Dietary intakes of several minerals and vitamins were assessed in two US sub-populations of older men and women between 60 and 80 years as part of the Lipid Research Clinics Program Prevalence Study conducted in the mid-1980s prior to widespread fortification. Dietary intakes were analyzed from 24-hour recalls using the Minnesota Nutrition Coding Center. Descriptive statistics on the two diverse sub-populations were generated for the elderly subjects at the two clinic sites, southern California and Oklahoma. Regression analyses of specific micronutrients were performed while controlling for several variables, namely, age, sex, clinic (region), education, Body Mass Index (BMI), alcohol consumption, and smoking status. Compared to current (1999–2004) Estimated Average Requirements (EARs) and Adequate Intakes (AIs) for three micronutrients without EARs for the US and Canada, several micronutrients were consumed at or close to their EAR values. Exceptions include intakes of vitamin A, vitamin E, folic acid, potassium and calcium which were very low; intakes of thiamin, riboflavin, niacin, and vitamin C were low but closer to the published EAR or AI values. High intakes approaching cut-offs for practically all subjects were found for both groups of elders at the two clinic sites for iron, phosphorus, and sodium. In general, California elderly had somewhat better consumption patterns for the vitamins, but the Oklahomans, males at least, had higher overall mineral intakes. The micronutrient deficits found in this small study suggest that most elderly US citizens were likely to be deficient in five micronutrients and marginally insufficient in four others in the mid-1980s and, despite even greater fortification currently, elderly intakes seem not to have improved substantially since the 1980s, except for subjects who are regular multi-supplement users.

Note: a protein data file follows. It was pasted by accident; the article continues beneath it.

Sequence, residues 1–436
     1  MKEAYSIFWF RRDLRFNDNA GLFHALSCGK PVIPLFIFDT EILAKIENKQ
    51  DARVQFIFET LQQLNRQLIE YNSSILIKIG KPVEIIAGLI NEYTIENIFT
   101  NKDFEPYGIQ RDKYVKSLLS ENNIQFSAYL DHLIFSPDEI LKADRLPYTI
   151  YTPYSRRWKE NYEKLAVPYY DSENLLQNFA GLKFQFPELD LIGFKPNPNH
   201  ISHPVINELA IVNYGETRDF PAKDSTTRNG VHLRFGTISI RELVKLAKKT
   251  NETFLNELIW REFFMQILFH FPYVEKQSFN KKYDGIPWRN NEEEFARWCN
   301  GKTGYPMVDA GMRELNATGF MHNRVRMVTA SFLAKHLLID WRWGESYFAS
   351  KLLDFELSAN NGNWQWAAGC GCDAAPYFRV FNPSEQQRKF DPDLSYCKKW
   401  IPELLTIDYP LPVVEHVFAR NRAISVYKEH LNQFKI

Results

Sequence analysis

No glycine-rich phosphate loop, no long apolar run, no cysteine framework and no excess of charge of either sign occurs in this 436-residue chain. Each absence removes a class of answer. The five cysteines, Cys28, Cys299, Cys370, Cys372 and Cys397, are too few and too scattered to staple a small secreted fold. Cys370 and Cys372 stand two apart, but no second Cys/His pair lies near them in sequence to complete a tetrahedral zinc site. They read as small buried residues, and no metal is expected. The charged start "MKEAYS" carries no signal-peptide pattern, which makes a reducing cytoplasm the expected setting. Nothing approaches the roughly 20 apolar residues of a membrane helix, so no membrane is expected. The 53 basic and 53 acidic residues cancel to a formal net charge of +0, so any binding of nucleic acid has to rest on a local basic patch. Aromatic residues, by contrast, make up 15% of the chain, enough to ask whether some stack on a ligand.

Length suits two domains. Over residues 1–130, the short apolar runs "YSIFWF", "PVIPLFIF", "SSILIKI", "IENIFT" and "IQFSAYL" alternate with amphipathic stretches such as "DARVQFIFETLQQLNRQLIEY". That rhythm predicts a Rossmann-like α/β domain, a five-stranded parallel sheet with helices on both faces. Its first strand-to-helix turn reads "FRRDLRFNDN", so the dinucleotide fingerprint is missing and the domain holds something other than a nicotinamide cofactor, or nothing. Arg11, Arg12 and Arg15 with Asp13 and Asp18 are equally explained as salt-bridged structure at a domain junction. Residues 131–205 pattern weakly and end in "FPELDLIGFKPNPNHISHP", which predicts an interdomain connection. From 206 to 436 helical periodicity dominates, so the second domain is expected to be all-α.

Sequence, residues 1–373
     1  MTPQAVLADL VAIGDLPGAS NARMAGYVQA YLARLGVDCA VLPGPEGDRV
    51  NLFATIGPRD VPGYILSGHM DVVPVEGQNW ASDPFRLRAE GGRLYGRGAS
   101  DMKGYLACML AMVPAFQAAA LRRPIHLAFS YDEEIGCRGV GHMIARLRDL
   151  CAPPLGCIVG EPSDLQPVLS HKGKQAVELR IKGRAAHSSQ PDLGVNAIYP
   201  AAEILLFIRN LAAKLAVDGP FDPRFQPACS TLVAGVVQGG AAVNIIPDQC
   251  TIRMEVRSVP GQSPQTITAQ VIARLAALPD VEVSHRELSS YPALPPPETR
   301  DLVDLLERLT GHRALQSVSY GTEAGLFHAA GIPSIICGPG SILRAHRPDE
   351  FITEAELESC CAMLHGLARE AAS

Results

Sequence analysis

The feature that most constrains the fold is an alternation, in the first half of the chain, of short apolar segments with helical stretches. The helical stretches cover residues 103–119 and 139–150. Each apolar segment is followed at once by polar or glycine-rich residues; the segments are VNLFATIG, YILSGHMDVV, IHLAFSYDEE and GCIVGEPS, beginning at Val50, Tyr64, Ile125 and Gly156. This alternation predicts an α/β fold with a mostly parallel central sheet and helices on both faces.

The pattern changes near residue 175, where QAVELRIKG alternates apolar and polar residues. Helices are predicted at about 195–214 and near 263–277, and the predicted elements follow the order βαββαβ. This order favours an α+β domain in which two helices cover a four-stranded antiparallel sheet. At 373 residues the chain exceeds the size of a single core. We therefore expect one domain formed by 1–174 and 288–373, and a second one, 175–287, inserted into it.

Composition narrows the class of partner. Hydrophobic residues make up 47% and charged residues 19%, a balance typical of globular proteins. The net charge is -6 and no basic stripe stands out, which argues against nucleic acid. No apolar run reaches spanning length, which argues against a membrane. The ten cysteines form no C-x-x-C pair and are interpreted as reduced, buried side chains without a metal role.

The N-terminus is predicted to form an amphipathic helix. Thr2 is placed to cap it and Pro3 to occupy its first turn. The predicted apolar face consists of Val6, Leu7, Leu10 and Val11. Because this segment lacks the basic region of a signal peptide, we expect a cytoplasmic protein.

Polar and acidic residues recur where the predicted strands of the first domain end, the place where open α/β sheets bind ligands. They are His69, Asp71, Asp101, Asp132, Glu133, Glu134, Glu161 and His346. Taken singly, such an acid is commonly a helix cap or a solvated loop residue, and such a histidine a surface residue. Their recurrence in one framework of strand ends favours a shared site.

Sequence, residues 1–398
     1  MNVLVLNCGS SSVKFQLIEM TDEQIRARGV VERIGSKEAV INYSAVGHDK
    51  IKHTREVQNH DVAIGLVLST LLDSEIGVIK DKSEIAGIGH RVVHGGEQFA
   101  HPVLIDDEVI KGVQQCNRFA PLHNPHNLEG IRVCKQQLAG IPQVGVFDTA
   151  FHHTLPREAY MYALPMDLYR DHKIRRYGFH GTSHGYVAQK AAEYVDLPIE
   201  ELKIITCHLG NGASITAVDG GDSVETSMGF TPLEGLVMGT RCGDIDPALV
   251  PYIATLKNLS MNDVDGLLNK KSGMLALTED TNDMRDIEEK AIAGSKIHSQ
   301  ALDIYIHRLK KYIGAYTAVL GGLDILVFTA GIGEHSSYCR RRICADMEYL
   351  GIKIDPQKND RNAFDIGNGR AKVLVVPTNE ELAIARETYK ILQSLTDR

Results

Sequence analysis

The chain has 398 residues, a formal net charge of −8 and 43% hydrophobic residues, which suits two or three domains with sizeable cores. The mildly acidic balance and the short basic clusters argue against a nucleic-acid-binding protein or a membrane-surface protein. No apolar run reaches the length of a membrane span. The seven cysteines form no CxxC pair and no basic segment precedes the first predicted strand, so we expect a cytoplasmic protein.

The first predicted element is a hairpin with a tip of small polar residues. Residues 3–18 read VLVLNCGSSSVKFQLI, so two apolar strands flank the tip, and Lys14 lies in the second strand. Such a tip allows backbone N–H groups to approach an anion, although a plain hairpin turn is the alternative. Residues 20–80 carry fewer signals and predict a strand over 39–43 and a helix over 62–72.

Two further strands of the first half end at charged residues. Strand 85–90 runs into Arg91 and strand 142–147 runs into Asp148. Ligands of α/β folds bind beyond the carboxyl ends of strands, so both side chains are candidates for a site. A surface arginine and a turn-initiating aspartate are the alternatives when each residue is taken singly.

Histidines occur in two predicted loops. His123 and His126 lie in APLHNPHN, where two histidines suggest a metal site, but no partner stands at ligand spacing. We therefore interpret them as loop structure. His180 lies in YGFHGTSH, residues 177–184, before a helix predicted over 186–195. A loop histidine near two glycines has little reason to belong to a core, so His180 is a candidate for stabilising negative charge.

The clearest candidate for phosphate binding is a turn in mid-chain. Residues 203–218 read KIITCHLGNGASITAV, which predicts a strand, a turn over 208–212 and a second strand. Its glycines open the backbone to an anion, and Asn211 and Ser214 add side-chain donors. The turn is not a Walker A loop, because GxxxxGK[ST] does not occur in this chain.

Dietary survey 24-hour recall elderly folic acid vitamin A vitamin E potassium calcium phosphorus sodium and iron
Lipid Research Clinics
Dietary Reference Intake
U.S. Department of Agriculture
U.S. National Health and Nutrition Examination Survey